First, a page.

Dr. Robert Dickson CranePosted Apr 2, 2006 •Permalink • Printer-Friendly Version
Big Profits for Big Oil: A Bogus Rationale for The War in Iraq
by Dr. Robert Dickson Crane
In his article, “Bush Didn’t Bungle Iraq, You Fools; THE MISSION WAS INDEED ACCCOMPLISHED,” published on March 20th in The Guardian, Greg Palast is reasoning ex post facto. His thesis is that oil prices went up after the Third Gulf War (the U.S.-backed Iraqi attack on Iran was the First) and that therefore this was the reason for the war. This is logical but simplistic. Windfall oil profits are a risky bonus not a reason for attacking Iraq.
One objective of the current Gulf War, not even the main one, was to maintain prices high enough to keep Alaska and North Sea oil profitable. Iraq’s rogue regime was willing to flood the market and bankrupt these expensive oil production centers. Recovering the “19th province of Iraq,” otherwise known as Kuwait, at the beginning of the Second Gulf War, would have given Saddam entirely too much leverage over prices, particularly if he were crazy enough, which he undoubtedly was not, to annex also the Eastern Province of Saudi Arabia.
Bush the Elder publicly stated that Kuwait must be saved in order to save the American way of life (our gas guzzlers) from high prices. As an old oil and petrochemical industry analyst, I asked a high official in Treasury about this, who told me that everyone in the industry knew that the opposite was true, namely, that the American consumer would profit from the Iraqi aggression, but that this could never be admitted publicly because it would have undermined the war effort.
My introduction into the real oil business was when I did consulting for Native American energy tribes thirty years ago as head of my own consulting company, NAEDC, which was used as the conduit to fund the staff of the Saudi-American Joint Commission on Economic Cooperation. Dick McCormick (later Under Secretary of State for Economic Affairs) was the Director and I was the Deputy Director, operating out of offices in the U.S. Department of the Treasury.
The oil industry likes high prices, but this is only a bonus, and could even be dangerous if they go too high, because then alternative energy sources might become competitive and undercut the hundreds of billions of dollars of investment in the oil and coal industries (which are to some extent jointly controlled by the same people).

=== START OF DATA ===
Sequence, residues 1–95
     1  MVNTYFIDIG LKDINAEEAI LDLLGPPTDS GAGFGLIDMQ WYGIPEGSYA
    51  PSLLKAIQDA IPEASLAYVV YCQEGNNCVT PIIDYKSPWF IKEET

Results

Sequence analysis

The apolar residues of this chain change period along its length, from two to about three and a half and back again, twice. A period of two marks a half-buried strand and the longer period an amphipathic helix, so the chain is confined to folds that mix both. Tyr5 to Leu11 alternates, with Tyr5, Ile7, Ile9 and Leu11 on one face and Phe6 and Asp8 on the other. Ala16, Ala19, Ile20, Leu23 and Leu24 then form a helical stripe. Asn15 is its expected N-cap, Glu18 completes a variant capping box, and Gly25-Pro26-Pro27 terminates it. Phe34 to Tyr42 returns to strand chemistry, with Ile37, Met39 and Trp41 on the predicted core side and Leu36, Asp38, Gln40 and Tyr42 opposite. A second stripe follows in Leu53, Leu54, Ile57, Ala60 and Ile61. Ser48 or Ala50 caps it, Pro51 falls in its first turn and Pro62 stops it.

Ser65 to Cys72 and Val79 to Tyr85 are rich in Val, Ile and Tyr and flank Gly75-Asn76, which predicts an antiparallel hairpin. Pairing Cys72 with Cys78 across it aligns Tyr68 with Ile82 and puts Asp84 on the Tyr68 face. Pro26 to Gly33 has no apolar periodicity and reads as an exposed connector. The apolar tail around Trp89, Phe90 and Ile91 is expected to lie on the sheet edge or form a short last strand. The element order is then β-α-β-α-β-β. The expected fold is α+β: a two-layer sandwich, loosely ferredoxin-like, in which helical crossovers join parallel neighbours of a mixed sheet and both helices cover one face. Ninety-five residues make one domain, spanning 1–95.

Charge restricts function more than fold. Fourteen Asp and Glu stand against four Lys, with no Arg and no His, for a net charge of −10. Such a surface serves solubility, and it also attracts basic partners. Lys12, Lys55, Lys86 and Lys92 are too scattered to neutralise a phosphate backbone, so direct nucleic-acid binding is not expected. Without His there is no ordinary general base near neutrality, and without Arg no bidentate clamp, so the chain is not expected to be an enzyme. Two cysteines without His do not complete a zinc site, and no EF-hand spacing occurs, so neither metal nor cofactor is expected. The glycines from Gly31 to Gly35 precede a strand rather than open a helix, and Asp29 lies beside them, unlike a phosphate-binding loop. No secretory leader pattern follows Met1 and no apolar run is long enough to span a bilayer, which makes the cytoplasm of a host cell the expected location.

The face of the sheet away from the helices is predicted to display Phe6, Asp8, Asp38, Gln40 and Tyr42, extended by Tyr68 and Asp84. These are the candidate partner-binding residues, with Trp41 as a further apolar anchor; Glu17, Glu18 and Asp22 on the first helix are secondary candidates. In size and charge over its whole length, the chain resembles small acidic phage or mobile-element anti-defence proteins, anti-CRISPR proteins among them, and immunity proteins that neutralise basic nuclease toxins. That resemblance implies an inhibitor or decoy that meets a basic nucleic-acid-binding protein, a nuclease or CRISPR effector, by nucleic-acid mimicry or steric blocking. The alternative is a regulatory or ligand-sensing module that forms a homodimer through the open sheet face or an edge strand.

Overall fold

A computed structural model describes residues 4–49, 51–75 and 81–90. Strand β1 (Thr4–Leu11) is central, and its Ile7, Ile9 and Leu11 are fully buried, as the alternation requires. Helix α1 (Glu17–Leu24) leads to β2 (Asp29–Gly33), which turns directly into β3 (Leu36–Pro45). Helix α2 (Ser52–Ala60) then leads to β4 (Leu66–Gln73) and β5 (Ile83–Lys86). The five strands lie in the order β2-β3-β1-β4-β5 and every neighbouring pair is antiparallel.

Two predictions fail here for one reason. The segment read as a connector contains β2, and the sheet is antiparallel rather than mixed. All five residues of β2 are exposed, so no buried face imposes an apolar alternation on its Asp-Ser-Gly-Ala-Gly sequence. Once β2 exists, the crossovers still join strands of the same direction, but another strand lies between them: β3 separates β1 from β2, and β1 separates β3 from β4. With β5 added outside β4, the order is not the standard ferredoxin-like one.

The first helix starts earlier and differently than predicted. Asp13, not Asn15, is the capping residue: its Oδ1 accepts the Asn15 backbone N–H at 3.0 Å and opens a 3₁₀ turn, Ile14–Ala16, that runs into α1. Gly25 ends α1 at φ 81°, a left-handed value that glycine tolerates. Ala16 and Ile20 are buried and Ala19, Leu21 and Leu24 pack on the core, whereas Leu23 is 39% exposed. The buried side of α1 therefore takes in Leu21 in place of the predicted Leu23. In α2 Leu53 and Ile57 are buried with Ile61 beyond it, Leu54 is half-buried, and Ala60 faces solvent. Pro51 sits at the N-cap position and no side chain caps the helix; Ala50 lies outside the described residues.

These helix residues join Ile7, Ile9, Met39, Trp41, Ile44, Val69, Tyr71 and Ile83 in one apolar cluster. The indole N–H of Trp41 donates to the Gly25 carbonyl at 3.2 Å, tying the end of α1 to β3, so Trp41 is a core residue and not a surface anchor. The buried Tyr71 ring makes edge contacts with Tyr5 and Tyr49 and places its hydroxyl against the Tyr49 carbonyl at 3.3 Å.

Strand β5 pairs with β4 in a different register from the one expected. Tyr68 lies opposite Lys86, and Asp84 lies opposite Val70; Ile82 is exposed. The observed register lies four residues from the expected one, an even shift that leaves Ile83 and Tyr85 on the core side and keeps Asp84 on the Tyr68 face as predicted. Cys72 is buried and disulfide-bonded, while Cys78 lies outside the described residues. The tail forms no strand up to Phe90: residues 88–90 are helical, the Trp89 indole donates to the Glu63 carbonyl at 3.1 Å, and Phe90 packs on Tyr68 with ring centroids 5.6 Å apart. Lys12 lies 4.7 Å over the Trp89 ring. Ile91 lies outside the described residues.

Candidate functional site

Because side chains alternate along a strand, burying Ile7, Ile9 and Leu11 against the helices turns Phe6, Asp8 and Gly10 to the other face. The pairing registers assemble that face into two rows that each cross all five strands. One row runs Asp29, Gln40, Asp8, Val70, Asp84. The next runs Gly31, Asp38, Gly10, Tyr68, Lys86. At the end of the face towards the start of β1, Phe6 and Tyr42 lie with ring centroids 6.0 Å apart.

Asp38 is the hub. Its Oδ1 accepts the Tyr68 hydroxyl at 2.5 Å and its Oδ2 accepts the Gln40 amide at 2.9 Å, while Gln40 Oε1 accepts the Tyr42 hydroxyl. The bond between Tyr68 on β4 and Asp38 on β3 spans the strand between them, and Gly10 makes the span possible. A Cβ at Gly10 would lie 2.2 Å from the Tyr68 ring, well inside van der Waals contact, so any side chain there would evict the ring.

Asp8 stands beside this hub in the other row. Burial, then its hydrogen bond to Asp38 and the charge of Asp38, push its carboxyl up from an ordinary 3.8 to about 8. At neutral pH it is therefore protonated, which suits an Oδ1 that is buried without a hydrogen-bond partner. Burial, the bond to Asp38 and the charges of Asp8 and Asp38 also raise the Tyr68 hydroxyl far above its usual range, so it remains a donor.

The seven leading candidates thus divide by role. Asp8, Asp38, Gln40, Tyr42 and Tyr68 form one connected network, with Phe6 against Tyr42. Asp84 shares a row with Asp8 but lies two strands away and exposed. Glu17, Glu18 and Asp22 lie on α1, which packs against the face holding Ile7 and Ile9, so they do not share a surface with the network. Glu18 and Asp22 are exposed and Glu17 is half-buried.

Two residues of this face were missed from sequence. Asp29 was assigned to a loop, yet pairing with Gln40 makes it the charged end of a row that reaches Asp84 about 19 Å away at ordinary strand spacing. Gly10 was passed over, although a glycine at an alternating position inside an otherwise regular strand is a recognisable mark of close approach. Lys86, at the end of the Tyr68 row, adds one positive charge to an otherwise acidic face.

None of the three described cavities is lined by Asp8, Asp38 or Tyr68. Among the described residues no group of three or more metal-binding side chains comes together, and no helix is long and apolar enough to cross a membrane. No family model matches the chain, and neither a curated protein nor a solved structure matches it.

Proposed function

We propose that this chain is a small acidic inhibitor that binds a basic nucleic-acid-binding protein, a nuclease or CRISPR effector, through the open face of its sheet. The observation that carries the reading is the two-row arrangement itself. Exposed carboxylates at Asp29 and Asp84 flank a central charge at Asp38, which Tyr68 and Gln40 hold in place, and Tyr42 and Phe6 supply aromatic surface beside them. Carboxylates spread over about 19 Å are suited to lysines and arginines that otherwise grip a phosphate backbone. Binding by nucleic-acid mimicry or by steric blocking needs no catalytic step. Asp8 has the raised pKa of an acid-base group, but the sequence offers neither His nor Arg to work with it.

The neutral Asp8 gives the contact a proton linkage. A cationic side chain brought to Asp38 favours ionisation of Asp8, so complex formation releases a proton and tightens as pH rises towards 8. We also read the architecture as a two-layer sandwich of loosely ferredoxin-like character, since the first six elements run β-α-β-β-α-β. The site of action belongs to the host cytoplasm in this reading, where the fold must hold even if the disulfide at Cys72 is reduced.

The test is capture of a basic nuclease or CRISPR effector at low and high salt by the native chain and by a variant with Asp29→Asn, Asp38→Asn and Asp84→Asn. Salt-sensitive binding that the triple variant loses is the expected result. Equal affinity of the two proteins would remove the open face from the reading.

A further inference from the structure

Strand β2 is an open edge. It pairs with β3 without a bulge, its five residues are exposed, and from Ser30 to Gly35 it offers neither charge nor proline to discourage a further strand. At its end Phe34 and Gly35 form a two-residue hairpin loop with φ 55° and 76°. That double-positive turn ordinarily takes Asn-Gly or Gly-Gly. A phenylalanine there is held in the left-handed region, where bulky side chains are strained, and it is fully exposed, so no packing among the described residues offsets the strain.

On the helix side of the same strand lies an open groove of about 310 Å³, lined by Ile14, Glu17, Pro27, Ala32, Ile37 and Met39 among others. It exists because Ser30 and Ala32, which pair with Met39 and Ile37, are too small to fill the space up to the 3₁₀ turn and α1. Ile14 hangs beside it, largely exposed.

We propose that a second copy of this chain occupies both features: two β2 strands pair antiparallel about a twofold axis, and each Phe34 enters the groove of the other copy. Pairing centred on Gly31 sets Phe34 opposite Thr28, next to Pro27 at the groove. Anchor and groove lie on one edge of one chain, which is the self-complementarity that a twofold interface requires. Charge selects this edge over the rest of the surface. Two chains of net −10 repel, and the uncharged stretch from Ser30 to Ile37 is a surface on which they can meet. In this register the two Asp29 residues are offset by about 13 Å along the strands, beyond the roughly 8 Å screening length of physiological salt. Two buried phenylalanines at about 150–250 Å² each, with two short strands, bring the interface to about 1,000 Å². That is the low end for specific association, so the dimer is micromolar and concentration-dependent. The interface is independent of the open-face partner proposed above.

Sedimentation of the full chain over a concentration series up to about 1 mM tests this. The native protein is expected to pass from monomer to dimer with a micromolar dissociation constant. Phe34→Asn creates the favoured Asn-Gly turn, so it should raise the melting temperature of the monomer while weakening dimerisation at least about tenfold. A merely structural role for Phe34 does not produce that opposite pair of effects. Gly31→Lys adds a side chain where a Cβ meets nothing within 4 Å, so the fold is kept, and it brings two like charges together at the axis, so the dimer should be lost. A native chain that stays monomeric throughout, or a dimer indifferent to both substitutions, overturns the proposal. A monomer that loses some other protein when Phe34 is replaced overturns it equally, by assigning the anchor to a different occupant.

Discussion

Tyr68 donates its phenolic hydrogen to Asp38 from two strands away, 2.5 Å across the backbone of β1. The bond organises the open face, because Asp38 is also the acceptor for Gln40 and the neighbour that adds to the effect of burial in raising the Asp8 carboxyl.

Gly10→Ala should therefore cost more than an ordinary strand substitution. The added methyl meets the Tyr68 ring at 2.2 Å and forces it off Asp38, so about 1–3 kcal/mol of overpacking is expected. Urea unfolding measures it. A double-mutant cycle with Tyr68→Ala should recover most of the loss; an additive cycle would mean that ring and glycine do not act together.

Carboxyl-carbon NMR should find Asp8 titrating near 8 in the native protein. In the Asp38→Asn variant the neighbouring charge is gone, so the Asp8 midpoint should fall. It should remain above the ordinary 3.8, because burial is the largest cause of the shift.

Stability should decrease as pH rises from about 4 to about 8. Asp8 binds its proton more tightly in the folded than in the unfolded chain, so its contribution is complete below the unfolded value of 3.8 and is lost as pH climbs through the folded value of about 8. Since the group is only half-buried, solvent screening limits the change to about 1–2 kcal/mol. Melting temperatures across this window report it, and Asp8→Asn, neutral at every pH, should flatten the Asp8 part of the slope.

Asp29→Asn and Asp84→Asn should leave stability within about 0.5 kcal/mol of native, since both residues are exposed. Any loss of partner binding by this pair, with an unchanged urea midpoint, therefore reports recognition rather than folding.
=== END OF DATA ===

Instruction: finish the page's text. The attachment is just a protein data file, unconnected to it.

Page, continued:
The same rationale has blocked the processing of radioactive wastes from the nuclear power industry. See my article, “The World’s Most Important Announcement of 2006,” February 1, 2006. Most of the investment in alternative energy research is funded by the oil companies, to be sure, but only so that they could benefit before anyone else from potential breakthroughs.
The bottom line is stable prices, not high ones, which is why OPEC is America’s best friend. The Saudis and other OPEC members use the same long-term cost/benefit number crunchers as do the Seven Sisters. Low prices would be catastrophic for everybody except the retail consumers. High prices could be catastrophic for the oil industry if they get out of control. OPEC is the perfect regulator.
Saddam Hussein thumbed his nose at OPEC, and so did the Shah of Iran, so they had to go. Even King Faisal of Saudi Arabia got out of hand before he was assassinated. Now, Chavez, the populist leader of Venezeuela, is doing the same thing by threatening to sell his oil to American consumers at half price merely to jangle nerves in the White House. This is a risky game. The oil business is not for amateurs.
Many Iraqis want to privatize the Iraqi oil industry by issuing equal shares of stock to every resident of the country, so that every Shi’a, Kurd, and Sunni would hold equal stakes in the future of the country by owning equal shares of voting, non-alienable stock. This would give them an incentive to cooperate in a political confederation and to support the confederal government that made this possible.
You can bet that the first thing they would want to do is to join OPEC. This is why the oil industry titans should support such decentralization of economic power in Iraq, rather than uselessly worrying about power slipping out of their control. Economic democracy is the only sure basis for political democracy, and political democracy is the soundest basis for partnership.
Dr. Robert D. Crane, President
Center for Policy Research